|The Only Real Game|
Capsules on a few of the week's smaller releases:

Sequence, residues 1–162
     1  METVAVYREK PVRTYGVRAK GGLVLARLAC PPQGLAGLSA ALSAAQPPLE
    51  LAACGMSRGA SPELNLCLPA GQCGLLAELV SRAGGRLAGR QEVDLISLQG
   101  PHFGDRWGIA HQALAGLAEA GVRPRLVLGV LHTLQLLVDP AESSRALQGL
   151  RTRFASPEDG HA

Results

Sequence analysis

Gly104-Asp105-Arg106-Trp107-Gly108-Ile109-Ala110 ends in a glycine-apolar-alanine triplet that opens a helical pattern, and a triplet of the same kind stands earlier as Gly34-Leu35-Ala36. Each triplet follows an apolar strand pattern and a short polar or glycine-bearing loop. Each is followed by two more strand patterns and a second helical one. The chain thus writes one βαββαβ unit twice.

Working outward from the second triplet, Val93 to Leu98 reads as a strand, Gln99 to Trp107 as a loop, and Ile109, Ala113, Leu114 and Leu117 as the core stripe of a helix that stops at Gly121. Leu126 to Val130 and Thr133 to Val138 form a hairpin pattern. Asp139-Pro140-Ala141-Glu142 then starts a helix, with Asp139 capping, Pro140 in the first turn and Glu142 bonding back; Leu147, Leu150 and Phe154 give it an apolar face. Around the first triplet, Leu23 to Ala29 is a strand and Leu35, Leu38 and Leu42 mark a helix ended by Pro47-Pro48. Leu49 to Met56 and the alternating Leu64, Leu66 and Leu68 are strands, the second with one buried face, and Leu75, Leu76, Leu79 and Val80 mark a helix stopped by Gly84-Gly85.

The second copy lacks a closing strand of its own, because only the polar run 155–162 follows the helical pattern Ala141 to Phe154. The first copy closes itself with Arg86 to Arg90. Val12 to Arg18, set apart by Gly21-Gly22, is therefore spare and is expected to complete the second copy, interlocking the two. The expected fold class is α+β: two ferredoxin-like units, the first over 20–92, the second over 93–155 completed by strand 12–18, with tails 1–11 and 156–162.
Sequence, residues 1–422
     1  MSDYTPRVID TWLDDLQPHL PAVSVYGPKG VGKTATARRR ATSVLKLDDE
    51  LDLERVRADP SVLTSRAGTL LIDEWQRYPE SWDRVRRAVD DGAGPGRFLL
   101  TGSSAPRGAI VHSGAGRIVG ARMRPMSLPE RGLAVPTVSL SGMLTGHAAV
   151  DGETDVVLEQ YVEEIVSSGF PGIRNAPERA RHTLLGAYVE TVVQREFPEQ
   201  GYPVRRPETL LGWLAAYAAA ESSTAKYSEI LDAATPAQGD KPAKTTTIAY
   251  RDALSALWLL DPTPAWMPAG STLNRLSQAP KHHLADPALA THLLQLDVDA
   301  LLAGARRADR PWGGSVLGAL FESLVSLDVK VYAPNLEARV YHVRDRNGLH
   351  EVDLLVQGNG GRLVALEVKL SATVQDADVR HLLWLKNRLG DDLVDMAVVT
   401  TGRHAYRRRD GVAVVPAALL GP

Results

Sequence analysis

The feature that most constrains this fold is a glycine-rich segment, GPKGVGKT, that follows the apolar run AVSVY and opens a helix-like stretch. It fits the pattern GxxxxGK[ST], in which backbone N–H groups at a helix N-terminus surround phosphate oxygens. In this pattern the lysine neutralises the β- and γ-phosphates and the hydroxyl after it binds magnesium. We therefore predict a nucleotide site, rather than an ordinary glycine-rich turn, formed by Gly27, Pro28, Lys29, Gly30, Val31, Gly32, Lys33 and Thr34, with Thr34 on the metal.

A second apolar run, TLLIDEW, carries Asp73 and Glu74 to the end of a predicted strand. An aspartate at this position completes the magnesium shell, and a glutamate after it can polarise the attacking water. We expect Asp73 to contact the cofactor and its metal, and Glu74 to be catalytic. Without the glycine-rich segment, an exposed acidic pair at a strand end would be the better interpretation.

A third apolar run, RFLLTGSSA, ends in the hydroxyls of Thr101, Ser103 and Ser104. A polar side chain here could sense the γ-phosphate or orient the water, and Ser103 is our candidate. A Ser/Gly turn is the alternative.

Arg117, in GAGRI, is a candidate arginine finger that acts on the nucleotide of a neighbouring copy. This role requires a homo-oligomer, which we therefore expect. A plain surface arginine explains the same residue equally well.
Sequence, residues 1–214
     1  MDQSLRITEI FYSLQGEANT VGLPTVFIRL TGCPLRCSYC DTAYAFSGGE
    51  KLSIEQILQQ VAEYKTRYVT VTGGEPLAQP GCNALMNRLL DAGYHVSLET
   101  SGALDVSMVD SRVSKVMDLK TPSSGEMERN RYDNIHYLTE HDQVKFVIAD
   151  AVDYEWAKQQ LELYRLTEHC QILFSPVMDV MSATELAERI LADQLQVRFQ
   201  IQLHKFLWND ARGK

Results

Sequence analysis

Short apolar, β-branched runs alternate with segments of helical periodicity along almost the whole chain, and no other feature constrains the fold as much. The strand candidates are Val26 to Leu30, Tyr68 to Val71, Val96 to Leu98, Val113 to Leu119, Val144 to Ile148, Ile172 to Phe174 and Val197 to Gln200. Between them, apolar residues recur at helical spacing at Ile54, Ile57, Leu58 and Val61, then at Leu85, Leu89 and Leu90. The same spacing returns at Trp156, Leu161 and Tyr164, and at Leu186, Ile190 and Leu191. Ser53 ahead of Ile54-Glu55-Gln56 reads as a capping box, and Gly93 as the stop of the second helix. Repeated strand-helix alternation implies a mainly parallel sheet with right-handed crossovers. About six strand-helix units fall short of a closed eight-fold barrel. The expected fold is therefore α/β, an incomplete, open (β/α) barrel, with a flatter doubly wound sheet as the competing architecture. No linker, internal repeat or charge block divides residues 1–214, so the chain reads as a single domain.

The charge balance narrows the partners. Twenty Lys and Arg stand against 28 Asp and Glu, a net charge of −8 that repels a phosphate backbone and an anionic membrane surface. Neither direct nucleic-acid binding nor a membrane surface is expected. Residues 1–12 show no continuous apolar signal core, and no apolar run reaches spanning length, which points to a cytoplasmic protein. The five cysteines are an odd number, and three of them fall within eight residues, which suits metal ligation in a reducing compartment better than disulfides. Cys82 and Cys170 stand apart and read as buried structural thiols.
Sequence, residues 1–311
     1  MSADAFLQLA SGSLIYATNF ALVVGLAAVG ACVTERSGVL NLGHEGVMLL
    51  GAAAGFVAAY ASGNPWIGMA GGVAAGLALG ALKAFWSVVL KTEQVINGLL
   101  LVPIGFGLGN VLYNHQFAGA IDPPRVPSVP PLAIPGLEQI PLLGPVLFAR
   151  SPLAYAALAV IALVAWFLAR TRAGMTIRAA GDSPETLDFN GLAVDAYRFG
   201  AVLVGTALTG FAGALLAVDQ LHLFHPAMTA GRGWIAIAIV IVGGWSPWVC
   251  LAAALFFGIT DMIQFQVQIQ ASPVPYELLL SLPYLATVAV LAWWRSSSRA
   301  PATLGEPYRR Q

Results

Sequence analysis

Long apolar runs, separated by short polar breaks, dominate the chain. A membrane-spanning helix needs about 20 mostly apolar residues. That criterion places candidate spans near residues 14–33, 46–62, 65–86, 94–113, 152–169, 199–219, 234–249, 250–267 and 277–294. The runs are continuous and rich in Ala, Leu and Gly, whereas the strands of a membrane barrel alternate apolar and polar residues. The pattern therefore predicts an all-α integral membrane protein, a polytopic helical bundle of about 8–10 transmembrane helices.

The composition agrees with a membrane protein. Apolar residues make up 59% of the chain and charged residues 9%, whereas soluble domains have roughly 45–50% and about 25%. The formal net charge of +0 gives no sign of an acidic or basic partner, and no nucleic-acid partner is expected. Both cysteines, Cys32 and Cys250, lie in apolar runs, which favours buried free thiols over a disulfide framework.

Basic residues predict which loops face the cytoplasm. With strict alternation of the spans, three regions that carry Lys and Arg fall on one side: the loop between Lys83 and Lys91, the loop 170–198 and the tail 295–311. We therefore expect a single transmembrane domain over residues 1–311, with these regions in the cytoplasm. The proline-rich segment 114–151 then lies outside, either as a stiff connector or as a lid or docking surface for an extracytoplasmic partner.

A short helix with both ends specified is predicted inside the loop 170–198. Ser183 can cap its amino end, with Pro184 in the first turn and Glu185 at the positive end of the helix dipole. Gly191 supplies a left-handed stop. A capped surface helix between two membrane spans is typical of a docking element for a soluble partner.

"Borgman" is Camiel Borgman (Jan Bijvoet), a tall and scraggly itinerant who, as the movie opens, is rousted from his makeshift underground digs by a priest and two henchmen who've come to kill him. He scurries up and out of the woods, stopping to tip off his cohorts Ludwig and Pascal. He sets his sights on a modern suburban home owned by a corporate exec, Richard (Jeroen Perceval) and his artist wife Marina (Hadewych Minis). Camiel rings the doorbell and asks Richard if he may take a bath. When Richard declines, Camiel claims to know his wife. Richard punches him and brutally kicks and beats him. Some time later, now clean shaven, Camiel poses as a gardener (their last one left mysteriously days before), lands the job, and moves into the guest quarters. The film is about the ineluctable process by which Borgman takes over the household, turning Marina against Richard and ingratiating himself with their three children. It's an oddity, to be sure, and not for all tastes, but for Dutch director Alex van Warmerdam it's also - should he wish to go Hollywood - a stylish calling card, a fully realized vision to which the opening title card holds the clue (don't come late). Though some of its fertile themes - mind control, cuckoldry - are left less than fully explored, there are a goodly number of laughs in its pitch-black comedy, and tension born of both moment-to-moment uncertainty and overarching, inexorable dread…In "The Only Real Game," director Mirra Bank illustrates the history and pride of place that baseball holds in the eastern Indian state of Manipur. Along the Burmese border, Manipur served as a vital Himalayan gateway for Allied airmen in WWII. Today, it is ravaged by warfare between a state army that misses no opportunity to oppress the locals (under an odious Special Powers Act) and dozens of bellicose insurgent factions. There's a sweet story in here about the power of sport to bring people together, but we spend more time getting to know the American coaches that MLB sends into Manipur than the Indians themselves, and Bank does a poor job of contextualizing their baseball aspirations, so that the denied visas and unbuilt stadia lose their impact in a final barrage. Melissa Leo's narration, meanwhile, disappears from the soundtrack for half-hours at a time…Maybe they all hoped to take the stage at the end of the Oscars, like the "Crash" ensemble almost a decade ago. How else to explain how Liam Neeson, Olivia Wilde, Adrien Brody, Mila Kunis, James Franco, Maria Bello and Kim Basinger all signed on for Paul Haggis' latest exercise in interlocking stories, "Third Person"? Neeson, a writer, has left his wife, Basinger, to conduct an affair with a much younger mentee, Wilde; Brody, a spy who steals couture house designs for companies that make sweatshop knockoffs, meets at a bar a Romanian woman (Moran Atias) who walks out without her bag containing the five thousand Euros she needs to get her 8-year-old daughter back from traffickers; Kunis, a former soap-opera star, lost custody of her son to artist ex-husband Franco, takes an incog job as a hotel maid, and misses appointments with her attorney (Bello) and court-appointed psychologist. You know something's amiss when Kunis, in New York, cleans the Paris hotel room where Neeson and Wilde are getting it on. The situations always feel constructed, never authentic, and there's not a single character for us to invest in emotionally. Haggis ties it all together neatly at the end, but "Third Person" plays like one man's long (137 minutes) stab at the reclamation of former glory.